Hello World in HaskellPublished on 01 July 2019 (Updated: 01 July 2019)
Welcome to yet another Hello World article! This time, we’re tackling Hello World in Haskell, a modern functional programming language.
How to Implement the Solution
As usual, let’s get right to our implementation of Hello World in Haskell:
module Main where main = putStrLn "Hello, World!"
And, that’s it!
First thing we will probably notice is that Haskell syntax is very different from Lisp and Scheme. Despite all three of those languages being functional, Haskell seems to have ditched the parentheses. In fact, even function calls lack parentheses in Haskell. That’s a new one for me.
After the syntax, the next thing we should probably look at is that first line. As usual, we have a module declaration which basically declares this file as the main file. In other words, execution begins with this module. We saw something similar in our Hello World in Go article.
Finally, we have our main function. For someone who has never played with anything like Haskell, this syntax is a bit bizarre. In fact, the main function doesn’t look like a function definition at all. At least, it doesn’t look like what we’ve come to expect from this series.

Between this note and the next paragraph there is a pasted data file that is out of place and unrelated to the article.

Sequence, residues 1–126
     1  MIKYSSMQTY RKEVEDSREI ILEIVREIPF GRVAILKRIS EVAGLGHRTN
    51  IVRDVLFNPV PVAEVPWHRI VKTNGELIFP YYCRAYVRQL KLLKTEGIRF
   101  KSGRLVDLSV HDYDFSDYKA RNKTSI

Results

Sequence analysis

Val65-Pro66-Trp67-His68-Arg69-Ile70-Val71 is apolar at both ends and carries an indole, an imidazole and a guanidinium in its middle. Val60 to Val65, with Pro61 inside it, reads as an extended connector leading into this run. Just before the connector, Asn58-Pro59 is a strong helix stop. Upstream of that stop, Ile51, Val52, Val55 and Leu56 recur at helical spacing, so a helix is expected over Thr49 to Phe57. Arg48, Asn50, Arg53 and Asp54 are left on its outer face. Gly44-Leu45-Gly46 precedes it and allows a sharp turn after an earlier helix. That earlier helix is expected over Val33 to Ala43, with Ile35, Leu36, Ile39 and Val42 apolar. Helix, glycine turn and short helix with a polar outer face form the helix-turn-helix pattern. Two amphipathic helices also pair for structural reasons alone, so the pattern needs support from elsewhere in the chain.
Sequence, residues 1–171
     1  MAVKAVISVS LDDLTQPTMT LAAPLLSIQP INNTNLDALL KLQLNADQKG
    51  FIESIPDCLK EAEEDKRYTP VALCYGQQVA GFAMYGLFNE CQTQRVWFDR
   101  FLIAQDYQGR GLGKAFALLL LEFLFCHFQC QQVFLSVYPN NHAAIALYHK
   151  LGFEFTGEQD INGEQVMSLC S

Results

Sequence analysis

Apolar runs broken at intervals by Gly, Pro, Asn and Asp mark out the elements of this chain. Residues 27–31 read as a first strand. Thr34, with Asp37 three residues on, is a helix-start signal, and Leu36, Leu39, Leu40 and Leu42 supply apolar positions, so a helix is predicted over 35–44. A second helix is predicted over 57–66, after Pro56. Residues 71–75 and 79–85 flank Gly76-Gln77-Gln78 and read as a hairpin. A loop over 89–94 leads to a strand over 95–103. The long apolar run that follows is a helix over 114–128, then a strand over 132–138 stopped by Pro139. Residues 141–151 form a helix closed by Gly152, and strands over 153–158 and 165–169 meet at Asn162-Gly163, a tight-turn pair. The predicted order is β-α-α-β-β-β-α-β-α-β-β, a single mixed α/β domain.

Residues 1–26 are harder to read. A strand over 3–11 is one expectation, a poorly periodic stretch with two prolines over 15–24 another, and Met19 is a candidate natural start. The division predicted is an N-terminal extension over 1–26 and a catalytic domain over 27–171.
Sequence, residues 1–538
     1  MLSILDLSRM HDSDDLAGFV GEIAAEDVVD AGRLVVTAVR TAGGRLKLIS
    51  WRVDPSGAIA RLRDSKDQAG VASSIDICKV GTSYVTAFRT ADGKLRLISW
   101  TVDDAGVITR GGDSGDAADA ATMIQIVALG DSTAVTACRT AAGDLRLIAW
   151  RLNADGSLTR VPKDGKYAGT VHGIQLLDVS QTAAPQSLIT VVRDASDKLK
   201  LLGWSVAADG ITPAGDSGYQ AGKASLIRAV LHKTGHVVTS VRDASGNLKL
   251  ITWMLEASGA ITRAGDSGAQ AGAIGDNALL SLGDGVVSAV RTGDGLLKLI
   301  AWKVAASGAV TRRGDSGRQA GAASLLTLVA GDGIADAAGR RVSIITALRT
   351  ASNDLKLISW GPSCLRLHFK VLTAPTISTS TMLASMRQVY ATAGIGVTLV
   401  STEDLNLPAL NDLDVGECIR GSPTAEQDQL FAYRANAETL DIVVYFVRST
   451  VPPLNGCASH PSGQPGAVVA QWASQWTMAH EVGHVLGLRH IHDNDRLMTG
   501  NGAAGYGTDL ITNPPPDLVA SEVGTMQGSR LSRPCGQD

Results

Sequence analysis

That said, the main function does make a lot of sense if we think about it in terms of mathematics. After all, math functions follow the exact same form: f(x) = x
At any rate, let’s get back to the code. In this final line, we have the main keyword which indicates the entry point to the program. From there, we compute the expression on the other side of the equals sign. In this case, we have a print function and our string, and that’s it. Pretty simple!
How to Run the Solution
If we want to run the snippets above, we can use an online Haskell compiler. All we have to do is drop the code into the editor and hit run.
Of course, we can also run the code locally if we just grab a copy of the latest Glasgow Haskell Compiler. While we’re downloading stuff, we should probably get a copy of the solution.
Assuming Haskell is now in the path, we can compile and run our solution using the following commands:
ghc hello-world.hs hello-world.exe # Windows ./hello-world # Unix/Linux/Mac
And, that’s it! The “Hello, World!” string should print straight to the console1.
J. Grifski, “Hello World in Scala,” The Renegade Coder, 11-Apr-2018. [Online]. Available: https://therenegadecoder.com/code/hello-world-in-scala/. [Accessed: 08-May-2019]. ↩